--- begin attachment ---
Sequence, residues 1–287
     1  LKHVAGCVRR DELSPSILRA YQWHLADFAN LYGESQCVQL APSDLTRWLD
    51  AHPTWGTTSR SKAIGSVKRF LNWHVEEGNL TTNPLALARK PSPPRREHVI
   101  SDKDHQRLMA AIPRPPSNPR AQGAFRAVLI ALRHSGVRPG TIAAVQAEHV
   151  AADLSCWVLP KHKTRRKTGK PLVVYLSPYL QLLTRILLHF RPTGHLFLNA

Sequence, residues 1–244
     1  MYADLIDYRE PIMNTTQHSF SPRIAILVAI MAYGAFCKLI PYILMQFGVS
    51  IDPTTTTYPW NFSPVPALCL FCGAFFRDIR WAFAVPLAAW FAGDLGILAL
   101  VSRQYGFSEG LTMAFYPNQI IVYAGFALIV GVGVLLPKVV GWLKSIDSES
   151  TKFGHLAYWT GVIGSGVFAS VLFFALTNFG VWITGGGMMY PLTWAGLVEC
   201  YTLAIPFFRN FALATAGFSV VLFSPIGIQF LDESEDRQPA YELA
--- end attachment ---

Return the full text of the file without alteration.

Sequence, residues 1–287
     1  LKHVAGCVRR DELSPSILRA YQWHLADFAN LYGESQCVQL APSDLTRWLD
    51  AHPTWGTTSR SKAIGSVKRF LNWHVEEGNL TTNPLALARK PSPPRREHVI
   101  SDKDHQRLMA AIPRPPSNPR AQGAFRAVLI ALRHSGVRPG TIAAVQAEHV
   151  AADLSCWVLP KHKTRRKTGK PLVVYLSPYL QLLTRILLHF RPTGHLFLNA

Sequence, residues 1–244
     1  MYADLIDYRE PIMNTTQHSF SPRIAILVAI MAYGAFCKLI PYILMQFGVS
    51  IDPTTTTYPW NFSPVPALCL FCGAFFRDIR WAFAVPLAAW FAGDLGILAL
   101  VSRQYGFSEG LTMAFYPNQI IVYAGFALIV GVGVLLPKVV GWLKSIDSES
   151  TKFGHLAYWT GVIGSGVFAS VLFFALTNFG VWITGGGMMY PLTWAGLVEC
   201  YTLAIPFFRN FALATAGFSV VLFSPIGIQF LDESEDRQPA YELA